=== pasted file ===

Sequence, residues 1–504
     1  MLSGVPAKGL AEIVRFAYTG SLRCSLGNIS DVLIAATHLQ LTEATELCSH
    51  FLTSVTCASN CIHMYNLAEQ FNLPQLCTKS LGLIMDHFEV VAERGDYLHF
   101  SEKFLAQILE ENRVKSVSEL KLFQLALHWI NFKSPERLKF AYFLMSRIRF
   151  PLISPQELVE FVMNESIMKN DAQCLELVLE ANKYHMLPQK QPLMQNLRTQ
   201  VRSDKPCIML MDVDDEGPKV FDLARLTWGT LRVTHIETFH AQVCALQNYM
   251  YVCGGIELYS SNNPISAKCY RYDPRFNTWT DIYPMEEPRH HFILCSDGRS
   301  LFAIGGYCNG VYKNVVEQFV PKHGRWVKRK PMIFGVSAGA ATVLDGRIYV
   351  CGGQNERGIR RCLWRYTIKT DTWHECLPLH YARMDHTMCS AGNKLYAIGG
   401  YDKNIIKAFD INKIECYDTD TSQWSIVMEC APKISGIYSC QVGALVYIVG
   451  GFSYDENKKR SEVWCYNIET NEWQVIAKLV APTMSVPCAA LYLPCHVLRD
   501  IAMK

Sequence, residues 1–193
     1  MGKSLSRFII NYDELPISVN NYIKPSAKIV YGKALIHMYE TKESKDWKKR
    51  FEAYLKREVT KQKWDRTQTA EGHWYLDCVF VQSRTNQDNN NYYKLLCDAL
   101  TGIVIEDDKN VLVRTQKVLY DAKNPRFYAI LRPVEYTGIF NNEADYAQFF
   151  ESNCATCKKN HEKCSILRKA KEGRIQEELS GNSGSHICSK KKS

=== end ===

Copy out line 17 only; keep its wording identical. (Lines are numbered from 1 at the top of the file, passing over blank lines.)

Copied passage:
   151  ESNCATCKKN HEKCSILRKA KEGRIQEELS GNSGSHICSK KKS